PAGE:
TTW: I feel like I can breathe, for one thing. I was talking to my father who has been a lifelong Republican, where he just said, “I feel calm today in a way I haven’t before because I feel like there is someone who is willing to learn.” I think that willingness to learn, to evolve, to realize that you don’t know everything is important—and that you’re going to surround yourself with people who are knowledgeable—just that alone crosses over the divide of the Republican and Democratic congress. We’re all going to be asked to stretch and it’s not going to be easy. Now, the real work begins—after eight years. Today I was so excited and thought “How can I be a better neighbor, how can I be a better person, how can I be a better aunt?” Again, I think Obama is asking us to be our highest and deepest selves. How do we create that steadiness of soul and capacity to really listen, which is our ability to engage on a much more substantial level.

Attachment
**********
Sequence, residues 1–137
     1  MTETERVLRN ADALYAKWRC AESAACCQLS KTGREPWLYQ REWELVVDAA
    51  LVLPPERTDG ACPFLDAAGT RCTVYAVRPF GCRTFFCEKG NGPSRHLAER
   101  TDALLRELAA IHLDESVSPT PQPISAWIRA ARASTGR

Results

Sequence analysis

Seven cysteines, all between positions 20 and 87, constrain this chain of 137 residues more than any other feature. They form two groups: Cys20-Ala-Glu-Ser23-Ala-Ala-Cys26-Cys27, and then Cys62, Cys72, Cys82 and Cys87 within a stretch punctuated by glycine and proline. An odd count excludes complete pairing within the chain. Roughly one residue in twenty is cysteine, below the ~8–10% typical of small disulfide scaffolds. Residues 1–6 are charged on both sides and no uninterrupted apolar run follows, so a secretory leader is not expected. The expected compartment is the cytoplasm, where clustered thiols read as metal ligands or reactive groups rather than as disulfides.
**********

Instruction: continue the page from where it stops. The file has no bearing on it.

WR: Obama seemed to downplay what the government can do for us and turned it into more of what we need to do and how we need to act and take on more responsibility.

TTW: Isn’t that what democracy asks of us? To participate? And we seem to forget that. We are not a nation of voyeurs. We are a nation of open-hearted people who have a great capacity to give. That’s what the world has missed. I do not believe we can look for leadership beyond ourselves. Ultimately, I think we have to look for it within our own heart. And I don’t think we can wait for someone or something to save us from our global predicament. We need to look in the mirror and ask, “If I want the direction of the country to change, how can I change myself?”